Page down to Ragù Bolognese recipe
Sedi, aka Sweet Pea, my little, brown, German, pointy-nosed bitch, has another name added to the ever growing list: Sedi, the Bunny Slayer.
Yesterday, as I was taking the girl-dogs for their morning constitutional, we had AN EVENT!
The girls were running ahead as usual. As I came around the bushes towards the lower part of our yard I thought I saw decrepit, old Sedi, with her bad hips, slip in the wet grass.
I thought I heard her pathetic cry of pain.
I thought 'Oh poor, poor Sedi!'
Then she stood up straight and looked at me.
With a rabbit in her jaws.
She hadn't slipped; she was merely executing a tight turn. (Didn't know the old girl had it in her!)
The neighbors ("boys-in-the-'hood", cows) came running to see what all the commotion was about.
I'm not certain who was more surprised: me or the dog!
I yelled. Sedi ran in circles with the bunny in her mouth. Emma, chasing Sedi, wanted in on the fun.
Finally I convinced Sedi to drop the bunny. Too late, I'm afraid. The bunny got up, made a feeble attempt to hop, fell back down, kicked out her back legs and died. Both dogs immediately lost interest.
I wanted to cry.
Which is a very strange reaction since that same bunny has been plaguing my gardens all summer! First there was a huge hole in the middle of my iris bed. Then she dug up every sage seedling I planted for 2 months. The last appearance had her tunneling under my English thyme.
I should have been happy that my faithful dog had solved this problem for me.
I just felt sad that now the other little bunny would be alone. Sigh….
Mon mari wanted to know why we weren't having rabbit stew for dinner….
I'm not cut out for farm life….
Spaghetti Bolognese is the most innocuous, lackluster, boring dish that appears on more restaurant menus, worldwide, than any other.
It's a last resort choice.
"The kids are picky eaters; they'll have the Bolognese."
"Nothing looks good, I'll just have the Bolognese."
"My stomach's not right, just give me the Bolognese."
Usually, said Bolognese is a thick, tomato paste, kind of sauce; a big red glop on top of some noodles.
I'm not saying it's not good, satisfying, even tasty. I am saying it can be so much more.
A true, northern Italian Ragù Bolognese has layers of complex, complimentary flavors. It's not thrown together in a hurry; it's lovingly, meticulously created and simmered slowly to bring out the best of each ingredient.
It's a work of art.
After all the cheesy gooey, comforting food I have indulged in during the past few weeks I thought I should lighten it up a bit. Yes, pasta can be light; just leave off the heavy cream and cheese – and don't eat too much!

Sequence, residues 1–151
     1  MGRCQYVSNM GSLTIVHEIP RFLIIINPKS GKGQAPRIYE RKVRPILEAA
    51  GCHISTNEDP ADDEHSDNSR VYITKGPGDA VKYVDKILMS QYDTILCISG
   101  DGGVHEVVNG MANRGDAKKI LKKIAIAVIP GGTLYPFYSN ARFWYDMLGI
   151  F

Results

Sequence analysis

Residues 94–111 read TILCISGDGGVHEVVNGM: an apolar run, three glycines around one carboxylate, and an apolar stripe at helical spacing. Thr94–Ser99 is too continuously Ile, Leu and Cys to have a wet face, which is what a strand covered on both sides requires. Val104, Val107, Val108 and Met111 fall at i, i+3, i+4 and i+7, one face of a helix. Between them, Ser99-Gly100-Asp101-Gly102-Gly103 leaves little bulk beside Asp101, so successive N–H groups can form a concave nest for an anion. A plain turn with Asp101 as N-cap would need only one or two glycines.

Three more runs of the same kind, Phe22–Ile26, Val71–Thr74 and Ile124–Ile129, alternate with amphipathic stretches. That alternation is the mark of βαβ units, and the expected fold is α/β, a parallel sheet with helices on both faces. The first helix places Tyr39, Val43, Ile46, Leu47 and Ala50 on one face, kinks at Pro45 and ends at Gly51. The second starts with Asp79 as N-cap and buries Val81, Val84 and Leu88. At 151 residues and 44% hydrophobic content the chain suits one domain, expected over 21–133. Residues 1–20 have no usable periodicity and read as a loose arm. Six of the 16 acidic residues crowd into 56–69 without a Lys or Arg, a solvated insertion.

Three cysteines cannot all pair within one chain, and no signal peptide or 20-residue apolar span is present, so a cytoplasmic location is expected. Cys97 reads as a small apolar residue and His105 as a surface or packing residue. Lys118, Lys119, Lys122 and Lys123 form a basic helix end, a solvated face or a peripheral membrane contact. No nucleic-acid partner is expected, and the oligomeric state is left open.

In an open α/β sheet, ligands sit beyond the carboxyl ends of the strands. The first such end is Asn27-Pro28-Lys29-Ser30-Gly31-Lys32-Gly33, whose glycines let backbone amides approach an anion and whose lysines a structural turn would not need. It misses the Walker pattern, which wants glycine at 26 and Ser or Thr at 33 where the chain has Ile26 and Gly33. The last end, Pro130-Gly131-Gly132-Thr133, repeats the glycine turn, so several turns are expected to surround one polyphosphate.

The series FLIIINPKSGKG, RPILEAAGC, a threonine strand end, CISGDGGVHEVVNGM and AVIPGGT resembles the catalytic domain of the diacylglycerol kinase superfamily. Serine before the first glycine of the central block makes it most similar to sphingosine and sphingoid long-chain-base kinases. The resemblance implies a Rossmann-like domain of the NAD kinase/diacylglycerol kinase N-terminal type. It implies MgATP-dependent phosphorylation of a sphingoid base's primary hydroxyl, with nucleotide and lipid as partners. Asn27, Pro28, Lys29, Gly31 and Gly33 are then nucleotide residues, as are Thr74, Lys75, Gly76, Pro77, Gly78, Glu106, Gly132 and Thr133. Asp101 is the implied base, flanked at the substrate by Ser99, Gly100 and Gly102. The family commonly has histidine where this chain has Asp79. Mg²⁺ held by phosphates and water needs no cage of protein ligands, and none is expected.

Hopefully, all the readers of Presto Pasta Nights, founded and hosted by the lovely Ruth, of Once Upon A Feast, will agree with me. Oh, Ruth – I even made homemade spaghetti for this!
This is based on a recipe found in the Time Life "Foods of the World, Italian,' book.
4 oz Prosciutto (125 gr)
4 oz ground pork (125 gr)
16 oz ground beef (500gr)
1 large onion, about 1 cup chopped
1 medium carrot, about 1/3 cup chopped
2 stalks celery, about 2/3 cup chopped
3 cloves garlic
1 tbs olive oil
1/2 cup white wine
2 cups beef stock
1 can diced or chopped tomatoes
4 tbs tomato paste or 1 small can
1 tsp basil
1 tsp oregano
a pinch of nutmeg
Roughly chop the carrots, celery, garlic and onion. Then, very, very finely chop the vegetables. Do it in a food processor, or blender if you can, but stop before you make paste. Heat 1 tbs oil in nonstick skillet. Add the vegetables and sauté over medium heat for 10 minutes. Remove and put into a large sauce pan. Finely chop the ham. Put the ham, pork and beef into the same skillet. Sauté until cooked through and brown, breaking it up as small as you can. Pour in the wine, turn the heat up and boil until most of the liquid has cooked off, stirring to get up any browned bits in the skillet. Add the meat and remaining liquid to the vegetables. Stir in the stock, tomatoes and tomato paste. Add the herbs and nutmeg. Bring to a boil, stir well, cover partially, reduce heat and simmer for at least 40 minutes, 90 would be better, stirring occasionally. Refrigerate unused sauce for later or freeze for up to 4 months.
For a pasta sauce it's traditional to add cream or milk – I just add a bit of Greek yogurt or crème fraiche. For other uses (such as risotto) the dairy is left out. This makes enough for the Bolognese Risotto and/or Bolognese Lasagne with Spinach as well as the Spaghetti Bolognese
Spaghetti, freshly home made is good
1 1/2 – 2 cups Ragù Bolognese
2 tbs cream or creme fraiche or milk, optional
1/2 cup freshly grated Parmesan
Cook pasta. Combine cream with sauce if using. Toss the pasta with the sauce and serve, Parmesan on the side.
Be sure to stop by Once Upon A Feast,on Friday for all of the yummy recipes!
As to the bunny: R.I.P.
Don't forget to search your closet/pantry for skeletons. Remember, confession is good for the soul. It can be an actual recipe, or just the description of the, um, food or any food and holiday related debacle/story/mishap…. Really, any dirty little secret you feel like sharing! You have until Christmas to post – the round-up will be just before Dec. 31. The usual rules: post, link to me, send me an e-mail with permalink. Click for details!
Come on, tell! Share the pain…you'll feel better! And so will we!